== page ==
At least, most of them don't.
I was involved in a job recently where my company was responsible for submitting the design and specification for a particular flat roofing project. Those of you familiar with the concept of CDP – the contractor design portion – will understand how this works. As techniques of roofing, cladding or lift engineering have grown increasingly complex, it has become unrealistic to expect an architect to have expert knowledge in all of them. Hence the introduction of CDP, whereby the specialist contractor – who does have that expert knowledge – determines the most effective solution and, provided it delivers the right design effect, the architect rubber-stamps the recommendation.
The problem in this instance was that we'd submitted a CDP proposal that matched the brief perfectly – right appearance, right price, right performance – and the architect blocked it. Why? Because he had never been involved in a project using this product before and therefore couldn't be certain that it would work.
Ah well, you might think: he's only being cautious because it's his head on the block. Except, of course, that it wasn't his head on the block at all – it was mine. The whole point of CDP is that it places the design responsibility on the contractor. The architect specifies how they want the roof to look and perform and the contractor has to come up with a solution for achieving it.
If it doesn't work, it's the contractor that carries the can, not the architect. If it fails to satisfy legislative requirements, that's the contractor's problem too.
We had used the product a number of times before, always with excellent results. So why should the client end up paying for a less effective, more costly solution simply on the whim of an underinformed architect?
In this particular case, we knew our proposal was the right one because we had used the product a number of times before, always with excellent results. So why should the client end up paying for delays – or worse, a less effective, more costly solution – simply on the whim of an underinformed architect? Fortunately, in this instance (and after a frustrating delay), wisdom prevailed. The client pulled rank and the architect backed down.
Now, the reason I relay this episode is not to demonstrate what a tough, uncompromising fellow I am (although you don't get facial hair like mine without a great deal of testosterone, let me tell you) but to raise the question: where do you draw the line? Up to what point should an architect be involved in the nitty-gritty of the specialist tasks and at what point should he or she tactfully step aside? After all, the opposite scenario to the one outlined above – in which the architect abrogates all project responsibility to the contractors – could be even more damaging. You could easily end up with jarring design features, incompatible products and everyone blaming each other.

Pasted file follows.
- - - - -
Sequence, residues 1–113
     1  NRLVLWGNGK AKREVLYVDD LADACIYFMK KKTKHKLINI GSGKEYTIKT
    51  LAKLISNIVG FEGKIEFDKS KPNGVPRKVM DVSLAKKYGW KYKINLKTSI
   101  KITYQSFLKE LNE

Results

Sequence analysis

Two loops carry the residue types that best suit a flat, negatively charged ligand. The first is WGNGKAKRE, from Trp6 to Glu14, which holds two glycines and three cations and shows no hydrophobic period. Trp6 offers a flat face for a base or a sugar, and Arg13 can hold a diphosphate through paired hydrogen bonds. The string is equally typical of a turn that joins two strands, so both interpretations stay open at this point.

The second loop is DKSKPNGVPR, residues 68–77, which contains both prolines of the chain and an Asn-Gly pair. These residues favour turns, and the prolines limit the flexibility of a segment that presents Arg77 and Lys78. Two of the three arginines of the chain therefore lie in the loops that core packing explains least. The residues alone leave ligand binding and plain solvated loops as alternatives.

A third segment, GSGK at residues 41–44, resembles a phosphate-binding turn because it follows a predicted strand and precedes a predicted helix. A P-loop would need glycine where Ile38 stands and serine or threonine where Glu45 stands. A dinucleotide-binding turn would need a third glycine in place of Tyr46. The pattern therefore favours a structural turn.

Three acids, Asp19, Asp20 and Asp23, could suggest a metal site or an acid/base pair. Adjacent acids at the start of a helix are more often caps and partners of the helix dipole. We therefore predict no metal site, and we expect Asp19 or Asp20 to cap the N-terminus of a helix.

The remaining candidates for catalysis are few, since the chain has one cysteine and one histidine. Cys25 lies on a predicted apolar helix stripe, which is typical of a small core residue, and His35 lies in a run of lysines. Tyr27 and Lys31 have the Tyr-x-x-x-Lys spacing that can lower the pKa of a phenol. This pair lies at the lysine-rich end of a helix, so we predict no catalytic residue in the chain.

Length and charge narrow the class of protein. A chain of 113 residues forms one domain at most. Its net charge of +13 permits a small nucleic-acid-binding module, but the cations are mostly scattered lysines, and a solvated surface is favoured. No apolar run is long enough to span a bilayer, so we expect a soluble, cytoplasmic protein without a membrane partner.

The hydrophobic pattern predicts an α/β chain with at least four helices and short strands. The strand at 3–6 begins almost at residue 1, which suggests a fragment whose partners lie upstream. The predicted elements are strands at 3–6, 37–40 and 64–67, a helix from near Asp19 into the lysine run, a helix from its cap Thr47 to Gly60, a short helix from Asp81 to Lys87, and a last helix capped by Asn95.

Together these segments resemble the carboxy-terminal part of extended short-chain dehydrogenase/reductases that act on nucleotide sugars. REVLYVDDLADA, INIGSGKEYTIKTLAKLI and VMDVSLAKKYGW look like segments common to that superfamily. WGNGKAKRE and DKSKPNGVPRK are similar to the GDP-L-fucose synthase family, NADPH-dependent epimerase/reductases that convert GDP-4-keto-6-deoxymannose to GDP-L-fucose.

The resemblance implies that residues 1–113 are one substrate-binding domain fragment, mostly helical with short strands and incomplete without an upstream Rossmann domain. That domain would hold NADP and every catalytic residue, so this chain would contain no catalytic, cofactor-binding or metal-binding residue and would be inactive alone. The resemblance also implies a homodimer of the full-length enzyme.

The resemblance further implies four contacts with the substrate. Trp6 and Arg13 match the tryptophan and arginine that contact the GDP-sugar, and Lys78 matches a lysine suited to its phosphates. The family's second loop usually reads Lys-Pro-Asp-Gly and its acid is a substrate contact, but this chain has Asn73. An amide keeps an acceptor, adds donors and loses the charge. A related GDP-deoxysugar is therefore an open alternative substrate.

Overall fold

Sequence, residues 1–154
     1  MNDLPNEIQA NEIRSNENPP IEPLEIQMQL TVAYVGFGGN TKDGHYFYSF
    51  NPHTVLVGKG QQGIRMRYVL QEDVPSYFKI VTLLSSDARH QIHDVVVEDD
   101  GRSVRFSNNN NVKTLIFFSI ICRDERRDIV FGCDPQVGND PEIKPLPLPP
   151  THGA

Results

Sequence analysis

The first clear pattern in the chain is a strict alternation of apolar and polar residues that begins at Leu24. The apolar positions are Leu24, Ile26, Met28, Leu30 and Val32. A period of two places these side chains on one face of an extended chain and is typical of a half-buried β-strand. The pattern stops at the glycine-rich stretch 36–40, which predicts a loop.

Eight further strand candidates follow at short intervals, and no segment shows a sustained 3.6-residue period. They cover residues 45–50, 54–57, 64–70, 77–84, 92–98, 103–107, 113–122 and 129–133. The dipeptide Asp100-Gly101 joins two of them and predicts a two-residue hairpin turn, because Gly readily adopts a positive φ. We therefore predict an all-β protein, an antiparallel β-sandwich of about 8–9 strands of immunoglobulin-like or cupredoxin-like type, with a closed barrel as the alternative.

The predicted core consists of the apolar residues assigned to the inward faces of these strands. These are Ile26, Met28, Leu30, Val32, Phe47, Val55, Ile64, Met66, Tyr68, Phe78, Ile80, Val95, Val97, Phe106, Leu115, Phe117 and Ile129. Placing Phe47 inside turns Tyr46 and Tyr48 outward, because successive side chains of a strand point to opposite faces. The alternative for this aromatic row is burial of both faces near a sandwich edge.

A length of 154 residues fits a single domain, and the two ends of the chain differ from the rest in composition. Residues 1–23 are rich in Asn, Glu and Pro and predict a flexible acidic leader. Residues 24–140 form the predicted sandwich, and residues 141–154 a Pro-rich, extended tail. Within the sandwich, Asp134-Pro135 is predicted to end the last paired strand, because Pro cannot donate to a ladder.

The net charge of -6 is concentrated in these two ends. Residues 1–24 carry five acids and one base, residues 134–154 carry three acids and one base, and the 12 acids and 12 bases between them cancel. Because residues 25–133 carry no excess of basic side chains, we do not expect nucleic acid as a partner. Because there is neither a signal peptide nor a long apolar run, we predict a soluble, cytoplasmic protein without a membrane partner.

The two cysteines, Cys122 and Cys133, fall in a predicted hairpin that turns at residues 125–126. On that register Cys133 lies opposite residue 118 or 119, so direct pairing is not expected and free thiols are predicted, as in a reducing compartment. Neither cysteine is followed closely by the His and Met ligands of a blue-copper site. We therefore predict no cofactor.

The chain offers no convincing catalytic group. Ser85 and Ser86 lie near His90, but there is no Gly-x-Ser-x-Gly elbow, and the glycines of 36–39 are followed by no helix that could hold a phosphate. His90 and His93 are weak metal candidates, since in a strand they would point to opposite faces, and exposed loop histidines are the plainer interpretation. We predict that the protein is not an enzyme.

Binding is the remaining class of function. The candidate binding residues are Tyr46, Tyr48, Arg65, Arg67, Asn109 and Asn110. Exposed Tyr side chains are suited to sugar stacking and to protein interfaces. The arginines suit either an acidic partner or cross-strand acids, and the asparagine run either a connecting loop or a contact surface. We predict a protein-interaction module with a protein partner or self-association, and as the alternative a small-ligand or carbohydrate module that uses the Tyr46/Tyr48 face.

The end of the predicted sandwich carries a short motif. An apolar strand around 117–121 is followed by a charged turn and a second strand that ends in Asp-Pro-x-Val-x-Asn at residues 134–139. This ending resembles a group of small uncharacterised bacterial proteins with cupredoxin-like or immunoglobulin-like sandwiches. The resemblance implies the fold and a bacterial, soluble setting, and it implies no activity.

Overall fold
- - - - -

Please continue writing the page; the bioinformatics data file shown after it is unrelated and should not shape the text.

As with so many things, the sensible way forward lies in the middle ground – and in clarifying responsibilities. The architect has a vital role as creative director and arbiter of quality but it's the client, ultimately, who has to call the shots. We enjoy extremely productive working relationships with 99% of the architects we deal with. This is largely because we respect their need to have control over the design of the building and they respect the fact that we know an awful lot more about roofing than they do. So, when we put in a CDP recommendation, they just check that it does what they need it to and then pass it straight on to the client for approval.
That way, the client gets an expert opinion about the best solution for his money; the architect gets the appearance and performance they wanted; the contractor gets the job done right in the shortest time. In short, everybody's happy and life is marvellous.
Luke Wessely is managing director of Allan Roofing, www.allanroofing.co.uk.